Press ESC or click the X to close this window

Ears Pricked? (daft essays no 1)

Note: A few years ago I was commissioned to write pieces for a series of American humour books. They were meant to be “wittily informative”. Hmm. In the event most of them weren’t used because the company went out of business. I’ve decided to publish them here on an occasional basis rather than leaving them in a archived (dead?)  computer file.  They’re not exactly belly laugh funny but they might raise the odd grin. This is the first.

ear_free

 

Ears pricked?

For Shakespeare’s Cleopatra ears were just something to be filled full of Antony as often as possible like certain other of her orifices.  ‘Ram thou thy fruitful tidings in mine ears that have long been barren’ she pleads sexily.

To a European law enforcer right into the seventeenth century ears were an easy (dispensable?)  item to slice off or ‘dock’ – for which read mutilate in the most painful possible way –  on any criminal  he wanted to make an example of.

Ears are funny too, especially if they stick out.  How seriously can you take  Prince Charles, heir  to the British throne, with those taxi doors on the side of his head?  Some people can twitch them at will and you can buy special scissors to trim unwanted hair which sprouts out of them like grass.   And for Disney’s Dumbo ears became wings and people really did see an elephant fly.

Actually the bit we call the ear – be it large, small,  flat, protruding, hairy, bald, erotic, erogenous, functional  or festooned with earrings and studs – is only the surface accompaniment. Just the trumpet or funnel which traps the sound. The works, which are what really  matters, are out of sight.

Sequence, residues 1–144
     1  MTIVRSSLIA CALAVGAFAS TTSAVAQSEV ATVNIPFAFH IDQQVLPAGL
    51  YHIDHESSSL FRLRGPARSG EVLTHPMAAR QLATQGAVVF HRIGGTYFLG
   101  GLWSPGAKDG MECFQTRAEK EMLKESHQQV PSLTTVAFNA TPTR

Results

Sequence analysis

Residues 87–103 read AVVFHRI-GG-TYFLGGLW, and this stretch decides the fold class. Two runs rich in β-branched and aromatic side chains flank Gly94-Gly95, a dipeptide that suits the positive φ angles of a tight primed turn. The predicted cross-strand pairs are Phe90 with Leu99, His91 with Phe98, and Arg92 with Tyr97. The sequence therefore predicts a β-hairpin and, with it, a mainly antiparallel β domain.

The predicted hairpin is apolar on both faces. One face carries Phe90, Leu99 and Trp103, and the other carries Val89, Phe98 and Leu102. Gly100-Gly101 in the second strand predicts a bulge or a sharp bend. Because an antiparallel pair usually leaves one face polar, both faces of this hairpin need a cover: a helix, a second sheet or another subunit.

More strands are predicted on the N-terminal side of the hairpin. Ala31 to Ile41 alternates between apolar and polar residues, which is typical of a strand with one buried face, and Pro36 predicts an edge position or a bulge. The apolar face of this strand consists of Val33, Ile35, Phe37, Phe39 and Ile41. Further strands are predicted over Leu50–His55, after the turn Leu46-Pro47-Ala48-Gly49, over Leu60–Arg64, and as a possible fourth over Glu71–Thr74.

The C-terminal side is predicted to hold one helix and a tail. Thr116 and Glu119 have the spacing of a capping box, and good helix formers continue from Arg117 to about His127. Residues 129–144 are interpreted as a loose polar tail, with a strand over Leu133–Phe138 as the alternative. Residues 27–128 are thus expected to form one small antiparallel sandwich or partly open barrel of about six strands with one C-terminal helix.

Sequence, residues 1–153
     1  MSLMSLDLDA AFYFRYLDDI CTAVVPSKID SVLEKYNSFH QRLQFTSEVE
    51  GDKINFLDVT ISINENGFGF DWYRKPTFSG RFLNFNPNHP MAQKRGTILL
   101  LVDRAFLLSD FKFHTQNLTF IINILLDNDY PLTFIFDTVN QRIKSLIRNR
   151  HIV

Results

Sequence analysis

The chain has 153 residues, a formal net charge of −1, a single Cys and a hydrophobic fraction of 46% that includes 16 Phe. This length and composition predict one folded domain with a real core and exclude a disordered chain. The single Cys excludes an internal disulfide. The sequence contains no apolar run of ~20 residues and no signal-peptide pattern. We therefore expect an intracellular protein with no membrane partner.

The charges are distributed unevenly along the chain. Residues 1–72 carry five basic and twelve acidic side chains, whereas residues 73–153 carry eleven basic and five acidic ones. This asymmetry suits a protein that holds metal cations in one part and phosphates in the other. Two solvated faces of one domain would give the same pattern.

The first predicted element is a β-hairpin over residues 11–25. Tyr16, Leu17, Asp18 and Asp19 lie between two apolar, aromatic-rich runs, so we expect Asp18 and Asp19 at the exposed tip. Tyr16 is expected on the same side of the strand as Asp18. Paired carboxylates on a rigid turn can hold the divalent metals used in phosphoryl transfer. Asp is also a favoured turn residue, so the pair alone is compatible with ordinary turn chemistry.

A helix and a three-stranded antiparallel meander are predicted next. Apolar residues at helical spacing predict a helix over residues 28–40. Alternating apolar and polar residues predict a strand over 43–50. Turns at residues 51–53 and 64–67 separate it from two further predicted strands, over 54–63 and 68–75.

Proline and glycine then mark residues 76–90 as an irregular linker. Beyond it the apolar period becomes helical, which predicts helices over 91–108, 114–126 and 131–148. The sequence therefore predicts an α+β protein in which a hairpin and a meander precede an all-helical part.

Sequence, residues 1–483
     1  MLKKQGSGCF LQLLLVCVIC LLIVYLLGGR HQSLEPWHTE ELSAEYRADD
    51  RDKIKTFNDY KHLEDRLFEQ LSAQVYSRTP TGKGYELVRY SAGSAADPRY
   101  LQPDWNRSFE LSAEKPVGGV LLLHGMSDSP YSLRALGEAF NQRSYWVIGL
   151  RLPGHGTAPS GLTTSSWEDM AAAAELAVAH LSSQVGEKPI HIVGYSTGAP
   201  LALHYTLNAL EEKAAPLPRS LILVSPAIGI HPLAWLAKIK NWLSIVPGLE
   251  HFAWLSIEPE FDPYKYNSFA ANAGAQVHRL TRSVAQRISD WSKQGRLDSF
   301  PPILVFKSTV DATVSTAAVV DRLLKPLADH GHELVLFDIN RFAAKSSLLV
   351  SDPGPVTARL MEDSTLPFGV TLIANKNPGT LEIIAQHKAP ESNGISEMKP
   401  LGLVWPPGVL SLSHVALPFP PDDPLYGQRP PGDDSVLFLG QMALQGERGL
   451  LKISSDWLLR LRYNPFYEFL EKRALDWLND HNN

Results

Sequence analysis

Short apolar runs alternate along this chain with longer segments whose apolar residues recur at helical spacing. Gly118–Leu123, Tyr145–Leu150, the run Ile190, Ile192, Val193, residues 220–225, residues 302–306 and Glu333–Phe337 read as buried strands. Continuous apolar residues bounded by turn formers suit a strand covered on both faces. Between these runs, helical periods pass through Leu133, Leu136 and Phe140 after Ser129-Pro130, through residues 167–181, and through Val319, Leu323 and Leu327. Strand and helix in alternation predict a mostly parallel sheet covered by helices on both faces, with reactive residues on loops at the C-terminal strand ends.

The pinna – that’s the fleshy trumpet – leads via the ear canal into two tiny but vital chambers: the middle ear and the inner ear.  Think of it as a journey. Imagine you’re a sound wave.

First you go along the waxy-walled ear canal. Then you meet the ear drum – a  sensitive vibrating membrane called the tympanum which is stretched across the entrance to the middle ear. You – the sound wave – pass across and through it. Your next adventure is the crossing of the cavity of the middle ear. You do it via a mini bridge formed by the body’s three smallest bones.  They’re actually called ossicles rather then bones to remind you how titchy they are. This pretty little trio are imaginatively shaped like a mallet, an anvil and a stirrup and they  lead the way across the void to the oval window which is  the gateway  to the inner ear.

But before we penetrate the depths of the inner ear, stop being a sound wave for a minute and think about pressure. Know that feeling when you’re in a deep tunnel or an  aircraft and you don’t adjust immediately to the changed pressure so your  ears block? That’s because the atmospheric pressure in the middle ear cavity needs changing.  Yawning will do the trick. So will swallowing (one of the airline’s boiled sweets if you’re really lucky, or your own mints if you’re not) because of the handy little  Eustachian tube which runs from one corner of the middle ear through to your nice airy throat.

To the inner ear. It’s fluid filled and includes the cochlea and the semi-circular canals.  The former looks like a coiled-up snail and it transmits the sound along its branch of the auditory nerve – aka as cranial nerve VII – safely home into the brain where it gets sorted out and interpreted.

The semi-circular canals do a separate job in this diminutive, but busy, corner of the body. And they have their own hotline to the auditory nerve.  There are three of the them  and each lies  in a different  plane across the other two. Together they control your balance.  If they go wrong you fall over, get vertigo, feel dizzy  or something worse.  That’s why a severe inner ear infection can affect balance.

Perhaps it’s a good job Cleopatra didn’t know all that.  It might have taken the edge off things.

150px-Earrr

 

Author information
Susan Elkin
Susan Elkin Susan Elkin is an education journalist, author and former secondary teacher of English. She was Education and Training Editor at The Stage from 2005 - 2016
More posts by Susan Elkin